How long did the process take from initially sitting down and talking to the Milan launch?

“It started last summer, and from there we would dedicate every other week a good three or four hours. We have a very quiet meeting room, so we’d go in there and I would literally just blurt out all the phases of the book, from the beginning- my childhood— to arriving in London, initial career, the breakthrough project, when we first worked together.

“He would just record, and it was very good, very genuine and quite therapeutic. I almost forgot some of the things I had done in the past. Then he went away in August, when he had plenty of time to think, and worked on the first draft. That was presented in September, and we looked at what would be the best content in terms of copy, then by December we had a rough idea of what was going on, and that gave us a really tight deadline of March. Every week we had a deadline, so it was quite intense, but without those deadlines we might still be here now thinking of how it could be improved.”

Matteo Bianch, Book - Listen, Design, Inspire

Matteo Bianch, Book - Listen, Design, Inspire

The book itself, in terms of design, was that a collaborative process between yourself and Simon?

“Yeah, yeah, we were really on the same page with that. The title is kind of my mantra really, what I sell to the client— our way of working and thinking in the studio. When it comes to the size and look Simon gave me some proposals and we kind of art directed together, which was nice and quite refreshing.”

The launch was in Milan, during Design Week. How was that?

“It was very emotional. It’s a big thing, and this is a personal project. If there’s one place you want to launch something quite meaningful in terms of design it’s Milan. It was on a Tuesday, and it was really good.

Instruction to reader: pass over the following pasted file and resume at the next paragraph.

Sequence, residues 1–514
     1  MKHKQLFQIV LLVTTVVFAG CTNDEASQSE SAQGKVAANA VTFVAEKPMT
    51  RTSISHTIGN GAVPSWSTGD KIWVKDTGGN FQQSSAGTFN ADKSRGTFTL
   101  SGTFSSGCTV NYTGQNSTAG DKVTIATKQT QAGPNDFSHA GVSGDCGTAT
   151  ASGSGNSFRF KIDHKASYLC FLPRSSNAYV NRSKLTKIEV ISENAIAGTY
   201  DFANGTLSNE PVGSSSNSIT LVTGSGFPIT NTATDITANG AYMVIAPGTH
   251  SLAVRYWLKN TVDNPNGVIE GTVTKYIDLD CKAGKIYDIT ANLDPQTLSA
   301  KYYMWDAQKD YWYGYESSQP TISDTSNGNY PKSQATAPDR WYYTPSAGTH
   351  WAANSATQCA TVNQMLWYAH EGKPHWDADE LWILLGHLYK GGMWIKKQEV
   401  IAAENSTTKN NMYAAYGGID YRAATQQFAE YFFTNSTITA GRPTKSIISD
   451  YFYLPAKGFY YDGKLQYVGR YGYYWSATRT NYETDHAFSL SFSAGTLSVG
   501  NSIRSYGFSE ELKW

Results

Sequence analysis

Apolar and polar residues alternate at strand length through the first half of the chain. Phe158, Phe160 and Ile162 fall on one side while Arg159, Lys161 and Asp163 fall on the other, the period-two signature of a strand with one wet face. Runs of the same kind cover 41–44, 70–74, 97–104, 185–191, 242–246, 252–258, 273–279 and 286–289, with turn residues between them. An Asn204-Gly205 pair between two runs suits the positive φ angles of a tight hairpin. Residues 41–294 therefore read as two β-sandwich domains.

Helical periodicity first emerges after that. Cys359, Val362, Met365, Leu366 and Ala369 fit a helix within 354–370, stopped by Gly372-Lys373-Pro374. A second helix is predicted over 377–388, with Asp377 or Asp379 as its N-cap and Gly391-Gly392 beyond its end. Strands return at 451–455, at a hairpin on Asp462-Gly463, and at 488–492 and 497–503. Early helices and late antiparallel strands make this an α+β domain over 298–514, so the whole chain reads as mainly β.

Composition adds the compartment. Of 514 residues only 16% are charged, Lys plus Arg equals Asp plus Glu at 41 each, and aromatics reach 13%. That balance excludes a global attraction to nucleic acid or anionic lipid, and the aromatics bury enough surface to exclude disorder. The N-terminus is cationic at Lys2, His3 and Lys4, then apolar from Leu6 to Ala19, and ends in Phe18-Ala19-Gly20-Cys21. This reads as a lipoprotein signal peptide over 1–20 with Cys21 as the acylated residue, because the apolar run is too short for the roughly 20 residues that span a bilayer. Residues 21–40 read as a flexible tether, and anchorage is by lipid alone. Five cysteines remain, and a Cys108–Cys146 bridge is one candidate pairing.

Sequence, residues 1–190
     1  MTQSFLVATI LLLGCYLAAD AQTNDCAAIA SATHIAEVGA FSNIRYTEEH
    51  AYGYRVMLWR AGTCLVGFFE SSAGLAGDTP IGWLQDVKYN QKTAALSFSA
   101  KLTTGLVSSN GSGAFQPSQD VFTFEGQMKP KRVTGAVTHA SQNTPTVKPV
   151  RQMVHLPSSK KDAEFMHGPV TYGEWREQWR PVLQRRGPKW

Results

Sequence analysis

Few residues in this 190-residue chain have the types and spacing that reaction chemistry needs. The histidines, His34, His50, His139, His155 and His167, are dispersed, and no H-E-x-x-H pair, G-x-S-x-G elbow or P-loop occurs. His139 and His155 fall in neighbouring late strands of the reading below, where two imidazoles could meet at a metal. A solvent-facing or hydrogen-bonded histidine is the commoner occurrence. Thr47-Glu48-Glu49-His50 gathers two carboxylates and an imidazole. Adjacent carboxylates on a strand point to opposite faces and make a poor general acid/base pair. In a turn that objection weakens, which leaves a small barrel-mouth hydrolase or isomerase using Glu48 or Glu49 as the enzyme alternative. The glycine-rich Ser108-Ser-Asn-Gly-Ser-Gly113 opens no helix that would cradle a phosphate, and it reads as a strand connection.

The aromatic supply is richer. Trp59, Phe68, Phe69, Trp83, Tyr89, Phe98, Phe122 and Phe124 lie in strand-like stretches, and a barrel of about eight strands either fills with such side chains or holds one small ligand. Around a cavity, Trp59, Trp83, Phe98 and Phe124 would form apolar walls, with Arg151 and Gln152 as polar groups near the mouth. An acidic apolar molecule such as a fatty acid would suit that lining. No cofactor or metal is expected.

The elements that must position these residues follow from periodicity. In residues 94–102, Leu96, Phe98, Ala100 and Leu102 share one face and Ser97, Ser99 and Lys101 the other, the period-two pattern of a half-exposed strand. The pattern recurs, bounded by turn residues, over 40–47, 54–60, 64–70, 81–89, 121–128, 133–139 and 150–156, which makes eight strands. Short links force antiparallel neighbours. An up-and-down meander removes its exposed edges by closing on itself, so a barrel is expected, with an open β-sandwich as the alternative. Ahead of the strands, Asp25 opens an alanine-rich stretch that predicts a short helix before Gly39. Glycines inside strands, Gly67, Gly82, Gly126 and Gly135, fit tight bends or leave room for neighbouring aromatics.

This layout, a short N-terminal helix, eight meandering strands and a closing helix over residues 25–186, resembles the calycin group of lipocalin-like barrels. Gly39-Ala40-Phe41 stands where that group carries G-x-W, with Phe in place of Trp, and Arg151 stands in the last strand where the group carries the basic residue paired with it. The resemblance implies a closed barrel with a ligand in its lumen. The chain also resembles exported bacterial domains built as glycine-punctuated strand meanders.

Matteo Bianch, Book - Listen, Design, Inspire

Matteo Bianch, Book - Listen, Design, Inspire

We imagine, given the book’s subject, it was slightly intimidating in a way?

“Yeah, but then to be honest the hard part came before. It was more emotional than intimidating; look at us, one year later we are toasting with the book in our hands.”

And there was another launch at the USM showroom. How was that?

“Again it was really, really emotional. We invited a lot of clients and industry friends, so there was this incredible mix of close friends and clients. So it wasn’t tough, but you could really feel who was there. Some people wanted to say a few nice words about the studio and myself, so it was really quite intimate. That’s what we wanted and it worked well.”

Finally, for those reading the book, is there any specific lesson or message you would like them to take from the story?

“Yeah, well the first page and last page are really interesting. The first sets a picture of this launch in Paris, and Simon basically asks what it takes for someone to get to that point. The last page answers this in some ways, so these are very interesting parts of the book— the beginning and the summary. Then also the part about my childhood, a very humble background, but I wouldn’t want to pinpoint one thing too much from the rest, really.”

Matteo Bianch, Book - Listen, Design, Inspire

Matteo Bianch, Book - Listen, Design, Inspire

Matteo Bianch, Book - Listen, Design, Inspire

Buy Listen, Design, Inspire